Fighting Insurance for Care

As if living with an invisible disability weren’t exhausting enough, many of us have to fight our insurance companies to get the treatment we need. Because hardly anyone can afford treatments at today’s prices, our insurance companies often make the decisions about what care we receive. That decision should never be made by an insurance company, but that is today’s reality.


Living Our Hopes, Not Our Fears

Trending online and around town this week:  quotes about living for your hopes and dreams, not your fears.  Quotes have been attributed to Brené Brown, Nelson Mandela, and many others.

This is an important idea for people in this audience. We have limitations other can’t see, and must constantly explain ourselves. How often do you begin sentences with the words, "I can't..."?  This can lead to a mindset in which we limit ourselves even more than our conditions do.


The Long Day: How We Cope

I wanted to title this “The Long-Ass Day,” but thought Psych Central’s editors might not appreciate that. And it’s not as if it would be a likely search term. I happen to be facing an unusually challenging day tomorrow and thought this is probably a thing for a lot of us—going into a day that will require many more “spoons” than we are usually issued in the morning. (If you’re not up on spoon theory, check out this great article


The Diagnostic Treadmill

What’s trending this week? Stories from my friends with rare, mysterious, and/or autoimmune conditions and their frustrating journeys to diagnosis. Most notably, my friend, artist Heather Thompson, has had a big shakeup with a new doctor completely revising her treatment strategy.

Heather posted a link to a great article, “Stop Saying at Least it’s Not Cancer,” and wrote a preamble to her post about how easy it is to rally around people with cancer because others can wrap their heads around it. It has an endgame—permanent remission, while conditions like hers do not. Hers and others like it are perplexing and inconsistent, and there’s no endgame, just repeated attempts to control a body that refuses to function normally. It’s much harder to get, and stay, behind people with complex or hard-to-diagnose illnesses.


Interdependence and the Illusion of Self-Reliance

Social media is a rich source for subject material lately. The latest meme craze is about interdependency. I’ve seen memes about how American rugged individualism and the pressure to be independent is about making you buy more stuff. I’ve seen ones that say it’s an excuse not to help others. I’ve seen ones about why societies formed, so we could pool our resources and help one another. They all agree that success lies in having a network.

This is especially relevant to people with invisible disabilities. Asking for help is hard, but because we look fine, no one knows we need it so it’s seldom offered. We like to show how independent we are, but we need help from others—we can’t do it all on our own.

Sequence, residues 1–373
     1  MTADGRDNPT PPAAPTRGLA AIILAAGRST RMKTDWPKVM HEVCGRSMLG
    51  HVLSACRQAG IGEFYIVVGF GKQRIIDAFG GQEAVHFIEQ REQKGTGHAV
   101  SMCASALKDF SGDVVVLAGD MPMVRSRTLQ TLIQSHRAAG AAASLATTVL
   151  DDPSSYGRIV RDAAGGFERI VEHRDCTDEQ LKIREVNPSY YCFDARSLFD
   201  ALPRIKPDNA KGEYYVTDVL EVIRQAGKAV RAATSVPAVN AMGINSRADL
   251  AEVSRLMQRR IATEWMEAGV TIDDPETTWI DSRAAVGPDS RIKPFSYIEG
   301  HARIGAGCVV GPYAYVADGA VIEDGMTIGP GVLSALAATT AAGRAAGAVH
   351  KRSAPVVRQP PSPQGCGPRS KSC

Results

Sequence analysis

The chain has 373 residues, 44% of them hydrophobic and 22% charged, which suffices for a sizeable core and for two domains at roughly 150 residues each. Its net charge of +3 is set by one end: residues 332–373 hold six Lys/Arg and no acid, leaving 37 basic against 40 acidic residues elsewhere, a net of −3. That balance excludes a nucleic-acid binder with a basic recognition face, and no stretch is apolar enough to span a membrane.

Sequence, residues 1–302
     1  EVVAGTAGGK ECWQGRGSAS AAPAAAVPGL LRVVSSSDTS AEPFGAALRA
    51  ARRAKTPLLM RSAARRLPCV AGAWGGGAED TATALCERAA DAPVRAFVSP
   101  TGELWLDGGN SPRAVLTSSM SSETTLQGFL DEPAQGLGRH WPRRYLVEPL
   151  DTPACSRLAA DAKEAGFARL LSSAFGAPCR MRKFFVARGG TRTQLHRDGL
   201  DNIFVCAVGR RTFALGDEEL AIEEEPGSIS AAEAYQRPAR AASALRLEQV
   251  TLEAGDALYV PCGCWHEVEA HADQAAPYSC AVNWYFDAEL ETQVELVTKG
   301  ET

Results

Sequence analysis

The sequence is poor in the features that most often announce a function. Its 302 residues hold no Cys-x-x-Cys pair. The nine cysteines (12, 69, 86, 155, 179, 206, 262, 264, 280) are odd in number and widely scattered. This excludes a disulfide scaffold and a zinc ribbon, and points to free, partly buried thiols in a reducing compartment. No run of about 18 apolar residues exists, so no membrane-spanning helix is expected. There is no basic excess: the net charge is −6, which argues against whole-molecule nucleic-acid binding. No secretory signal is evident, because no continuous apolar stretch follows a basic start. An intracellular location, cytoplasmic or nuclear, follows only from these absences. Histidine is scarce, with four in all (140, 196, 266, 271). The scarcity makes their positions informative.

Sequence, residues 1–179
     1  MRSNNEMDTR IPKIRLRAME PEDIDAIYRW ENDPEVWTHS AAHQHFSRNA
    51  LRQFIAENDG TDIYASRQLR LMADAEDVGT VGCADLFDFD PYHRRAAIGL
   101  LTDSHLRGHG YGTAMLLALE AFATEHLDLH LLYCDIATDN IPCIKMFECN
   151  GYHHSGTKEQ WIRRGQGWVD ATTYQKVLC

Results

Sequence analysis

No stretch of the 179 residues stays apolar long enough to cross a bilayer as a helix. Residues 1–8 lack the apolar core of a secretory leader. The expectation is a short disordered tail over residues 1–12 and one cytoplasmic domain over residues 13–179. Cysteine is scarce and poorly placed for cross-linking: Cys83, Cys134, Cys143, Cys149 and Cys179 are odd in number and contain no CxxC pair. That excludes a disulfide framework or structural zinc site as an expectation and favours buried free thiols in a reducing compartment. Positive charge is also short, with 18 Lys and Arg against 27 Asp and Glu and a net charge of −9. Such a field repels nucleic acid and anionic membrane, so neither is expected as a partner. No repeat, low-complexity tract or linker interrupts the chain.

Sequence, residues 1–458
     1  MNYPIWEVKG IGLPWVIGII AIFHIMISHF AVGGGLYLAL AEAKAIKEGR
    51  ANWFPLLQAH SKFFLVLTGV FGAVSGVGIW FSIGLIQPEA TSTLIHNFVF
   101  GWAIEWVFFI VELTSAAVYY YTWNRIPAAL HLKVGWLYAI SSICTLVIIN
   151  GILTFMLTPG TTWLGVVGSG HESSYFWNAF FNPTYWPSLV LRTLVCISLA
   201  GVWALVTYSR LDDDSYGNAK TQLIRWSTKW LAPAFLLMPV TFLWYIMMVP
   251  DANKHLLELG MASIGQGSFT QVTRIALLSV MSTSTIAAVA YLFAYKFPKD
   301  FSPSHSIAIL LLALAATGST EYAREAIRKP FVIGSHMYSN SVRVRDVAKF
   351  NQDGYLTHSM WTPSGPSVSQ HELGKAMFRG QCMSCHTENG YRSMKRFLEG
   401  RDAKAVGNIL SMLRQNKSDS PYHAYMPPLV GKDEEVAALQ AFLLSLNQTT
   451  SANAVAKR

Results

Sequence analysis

Trigger Warnings: I Get it Now

First of all, if you’re a fan of the medical drama New Amsterdam and haven’t yet seen the season finale, here’s a spoiler alert. Same if you’re not current on Grey’s Anatomy. Read on at your own risk.

I’ve always rolled my eyes at trigger warnings, thinking that people who have been through things like sexual assault can’t be protected from the knowledge that it exists in the world—that ship has sailed. I know a lot of people think that way, but I also know that a lot of people in my audience suffer from debilitating PTSD (post-traumatic stress disorder). I’m here to say, I get it now.


Smoke and Mirrors: My Vacation on Social Media

I posted 3 weeks ago about the proposed surveillance of social media by the Social Security Administration.   This may be preaching to the choir, but I took a bike trip last weekend and my experience highlighted the problem with this idea.

It was too soon after a major pain episode for me to take a bike overnight, but I had just sold my condo at a profit after years with an underwater mortgage, and I wanted...


Toxic Positivity: It’s a Thing

Every once in a while, the popular culture calls BS on a phenomenon in a refreshing backlash. I’ve been hearing “toxic positivity” mentioned a lot lately, and I love it!

I remember the positive-thinking bandwagon as a product of the 1970s—possibly as an offshoot of the hippie movement, but it’s probably always been around. I just got old enough to observe it during that time. It really took off during the early days of the internet, when The Celestine Prophecy was a bestseller and the self-help book section at Border’s expanded into the surrounding aisles.


Disability Fraud: Why the Hysteria?

Last week I commented on an article in the New York Times that reported on the Trump administration’s proposal to monitor the social media accounts of people who collect Social Security Disability Income.

This week’s post is inspired by commenter Trap Rivers, whose eloquent comment to that post included the words, “we are the villains who are in the crosshairs of the angry mob.”  Trap’s comment got me thinking about the many ways society demonizes its most vulnerable people, from the urban-legendary “Welfare Queen” to people with disabilities—especially ones you can’t see.


Social Media Surveillance for Disability Fraud

The New York Times ran an article on March 10 that’s been getting a lot of attention on Facebook. I just saw it yesterday or I’d have written this sooner.

The article reported that some members of Congress support a plan in which the Facebook accounts of Social Security Disability Income recipients are monitored for photos showing them engaged in activities that they allegedly should not be able to do if they are indeed disabled. For me, that would mean my bike trip photos would be used against me. That is, if I qualified for SSDI, and that’s another matter altogether